• Client instructed lawyer to hold off on filing a notice of objection to a CRA audit, but the lawyer failed to advise the client of the implications of delay. CRA refused an extension.
  • Lawyer successfully negotiated a significant reduction of client’s reassessed income tax. Given the excellent result, the lawyer didn’t ask if the client wished to appeal those amounts still left in income. After the deadline passed, client advised that he expected an appeal.

Spend the time you need with your client gathering information and explaining your advice. Do not assume a higher level of legal knowledge simply because a client is more sophisticated or business-savvy. And remember always to seek informed instructions from your client. Not only do you owe this duty to your client, but by doing so, you pass the risk and responsibility of a wrong decision back to the client, where it belongs.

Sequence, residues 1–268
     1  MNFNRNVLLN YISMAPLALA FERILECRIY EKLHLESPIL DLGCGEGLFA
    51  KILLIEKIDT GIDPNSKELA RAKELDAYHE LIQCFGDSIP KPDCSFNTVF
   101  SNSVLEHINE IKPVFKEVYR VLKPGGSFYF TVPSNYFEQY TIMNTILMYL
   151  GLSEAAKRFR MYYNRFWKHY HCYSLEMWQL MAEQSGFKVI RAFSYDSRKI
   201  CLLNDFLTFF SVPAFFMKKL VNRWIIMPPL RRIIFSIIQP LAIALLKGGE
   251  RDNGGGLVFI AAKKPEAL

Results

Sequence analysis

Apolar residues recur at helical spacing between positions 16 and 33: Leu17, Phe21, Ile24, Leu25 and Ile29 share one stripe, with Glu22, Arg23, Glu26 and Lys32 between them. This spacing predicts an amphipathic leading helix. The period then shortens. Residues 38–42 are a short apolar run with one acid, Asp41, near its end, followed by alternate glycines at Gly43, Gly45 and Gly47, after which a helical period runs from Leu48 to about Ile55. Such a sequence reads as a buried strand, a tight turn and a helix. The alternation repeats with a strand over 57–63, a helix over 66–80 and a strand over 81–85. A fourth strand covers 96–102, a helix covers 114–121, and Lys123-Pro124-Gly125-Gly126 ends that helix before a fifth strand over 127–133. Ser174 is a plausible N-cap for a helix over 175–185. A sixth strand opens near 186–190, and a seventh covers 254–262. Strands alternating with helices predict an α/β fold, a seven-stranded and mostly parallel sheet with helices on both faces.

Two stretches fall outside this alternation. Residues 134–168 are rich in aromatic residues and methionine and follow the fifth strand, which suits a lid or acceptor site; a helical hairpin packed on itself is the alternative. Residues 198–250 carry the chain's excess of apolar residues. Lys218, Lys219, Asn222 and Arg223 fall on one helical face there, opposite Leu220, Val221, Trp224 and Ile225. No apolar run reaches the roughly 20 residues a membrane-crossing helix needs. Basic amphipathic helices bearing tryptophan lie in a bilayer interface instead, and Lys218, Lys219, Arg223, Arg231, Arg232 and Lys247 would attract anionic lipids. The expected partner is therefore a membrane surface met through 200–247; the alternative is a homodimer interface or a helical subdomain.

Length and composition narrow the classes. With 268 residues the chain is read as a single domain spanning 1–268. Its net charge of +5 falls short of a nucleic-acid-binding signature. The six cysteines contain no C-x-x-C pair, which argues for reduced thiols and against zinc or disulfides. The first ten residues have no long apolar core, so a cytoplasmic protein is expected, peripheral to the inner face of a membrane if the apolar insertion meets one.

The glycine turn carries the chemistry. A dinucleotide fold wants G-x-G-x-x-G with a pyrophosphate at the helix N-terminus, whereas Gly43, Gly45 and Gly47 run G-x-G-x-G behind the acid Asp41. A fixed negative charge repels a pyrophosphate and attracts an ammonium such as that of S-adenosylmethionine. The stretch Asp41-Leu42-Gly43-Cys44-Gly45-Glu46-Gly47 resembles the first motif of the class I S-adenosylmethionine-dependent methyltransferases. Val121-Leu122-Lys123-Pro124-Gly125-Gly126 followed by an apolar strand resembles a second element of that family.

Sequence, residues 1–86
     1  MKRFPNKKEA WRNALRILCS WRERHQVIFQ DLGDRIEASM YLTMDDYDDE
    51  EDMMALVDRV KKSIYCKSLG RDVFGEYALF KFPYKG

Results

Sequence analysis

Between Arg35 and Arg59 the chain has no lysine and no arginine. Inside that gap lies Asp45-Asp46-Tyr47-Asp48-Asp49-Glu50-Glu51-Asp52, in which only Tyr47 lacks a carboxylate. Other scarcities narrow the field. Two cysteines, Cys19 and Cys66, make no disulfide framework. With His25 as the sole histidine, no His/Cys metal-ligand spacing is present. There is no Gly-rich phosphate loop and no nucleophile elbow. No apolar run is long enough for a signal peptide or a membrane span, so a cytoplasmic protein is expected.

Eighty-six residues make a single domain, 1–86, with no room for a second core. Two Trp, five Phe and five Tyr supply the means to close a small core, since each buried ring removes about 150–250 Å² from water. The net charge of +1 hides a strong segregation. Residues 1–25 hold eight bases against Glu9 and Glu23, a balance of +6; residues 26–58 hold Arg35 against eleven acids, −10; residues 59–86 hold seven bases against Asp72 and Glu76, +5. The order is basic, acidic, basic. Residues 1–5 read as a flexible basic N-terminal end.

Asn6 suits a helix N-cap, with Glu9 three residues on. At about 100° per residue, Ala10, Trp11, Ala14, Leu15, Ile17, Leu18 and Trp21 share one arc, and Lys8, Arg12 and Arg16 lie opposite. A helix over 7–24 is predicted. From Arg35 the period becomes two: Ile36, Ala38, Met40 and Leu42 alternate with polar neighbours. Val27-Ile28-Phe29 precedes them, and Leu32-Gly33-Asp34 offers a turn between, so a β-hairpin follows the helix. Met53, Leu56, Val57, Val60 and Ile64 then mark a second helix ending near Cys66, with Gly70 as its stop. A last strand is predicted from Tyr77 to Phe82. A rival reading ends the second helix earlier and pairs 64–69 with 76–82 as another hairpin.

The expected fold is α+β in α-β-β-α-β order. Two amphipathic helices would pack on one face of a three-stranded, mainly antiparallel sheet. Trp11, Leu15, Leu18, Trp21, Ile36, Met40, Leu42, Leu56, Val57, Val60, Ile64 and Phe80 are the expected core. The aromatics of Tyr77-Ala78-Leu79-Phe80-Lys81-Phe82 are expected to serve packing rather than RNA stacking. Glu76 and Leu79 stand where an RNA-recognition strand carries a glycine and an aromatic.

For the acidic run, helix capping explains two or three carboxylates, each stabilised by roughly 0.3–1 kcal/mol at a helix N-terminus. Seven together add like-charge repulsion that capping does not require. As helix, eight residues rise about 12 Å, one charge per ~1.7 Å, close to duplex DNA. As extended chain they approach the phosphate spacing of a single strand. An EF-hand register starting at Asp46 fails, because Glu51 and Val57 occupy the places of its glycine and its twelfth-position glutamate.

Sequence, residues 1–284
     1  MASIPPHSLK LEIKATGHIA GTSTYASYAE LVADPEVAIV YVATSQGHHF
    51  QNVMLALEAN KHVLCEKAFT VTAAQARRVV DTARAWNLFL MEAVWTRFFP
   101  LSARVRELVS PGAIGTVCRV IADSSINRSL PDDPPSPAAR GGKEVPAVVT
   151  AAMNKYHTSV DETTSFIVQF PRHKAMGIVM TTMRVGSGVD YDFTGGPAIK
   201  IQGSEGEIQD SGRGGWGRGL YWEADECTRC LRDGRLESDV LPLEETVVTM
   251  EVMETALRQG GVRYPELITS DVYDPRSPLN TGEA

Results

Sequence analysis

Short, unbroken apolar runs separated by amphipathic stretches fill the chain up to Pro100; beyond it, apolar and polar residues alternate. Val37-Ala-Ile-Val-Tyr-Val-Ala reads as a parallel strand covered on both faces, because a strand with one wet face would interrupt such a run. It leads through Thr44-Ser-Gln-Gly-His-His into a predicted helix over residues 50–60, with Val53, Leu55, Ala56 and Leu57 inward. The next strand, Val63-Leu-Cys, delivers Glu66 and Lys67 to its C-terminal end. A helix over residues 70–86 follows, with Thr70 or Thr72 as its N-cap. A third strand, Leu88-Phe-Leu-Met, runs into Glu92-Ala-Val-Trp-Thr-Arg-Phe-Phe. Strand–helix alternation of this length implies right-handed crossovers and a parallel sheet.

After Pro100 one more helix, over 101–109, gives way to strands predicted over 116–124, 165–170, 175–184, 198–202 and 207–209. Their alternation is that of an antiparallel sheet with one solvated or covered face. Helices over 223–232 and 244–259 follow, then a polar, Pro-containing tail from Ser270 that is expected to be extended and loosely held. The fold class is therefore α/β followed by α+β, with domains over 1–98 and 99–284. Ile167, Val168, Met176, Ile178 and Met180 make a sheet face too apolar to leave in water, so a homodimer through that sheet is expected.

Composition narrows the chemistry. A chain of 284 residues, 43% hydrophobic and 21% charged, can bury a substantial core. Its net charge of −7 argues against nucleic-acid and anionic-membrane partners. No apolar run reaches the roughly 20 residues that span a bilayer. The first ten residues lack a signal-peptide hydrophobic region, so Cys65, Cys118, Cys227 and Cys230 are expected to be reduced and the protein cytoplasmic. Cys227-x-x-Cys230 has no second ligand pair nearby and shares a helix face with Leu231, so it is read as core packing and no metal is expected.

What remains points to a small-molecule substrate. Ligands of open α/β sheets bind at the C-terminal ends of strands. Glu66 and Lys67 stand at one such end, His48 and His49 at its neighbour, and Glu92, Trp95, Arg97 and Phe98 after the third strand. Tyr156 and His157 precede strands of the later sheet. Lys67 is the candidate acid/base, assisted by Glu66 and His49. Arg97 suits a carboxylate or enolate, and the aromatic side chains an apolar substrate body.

Although the $1 million policy limit offers generous financial protection for the majority of lawyers, it may not be enough to protect you if you give negligent tax advice. Excess insurance, available on the commercial market, extends the policy limit. Buy it if you are at risk.

If you discover a mistake, report it immediately

You are contractually and ethically obliged to report immediately to the Lawyers Insurance Fund if you discover a mistake, or if someone says you have made one.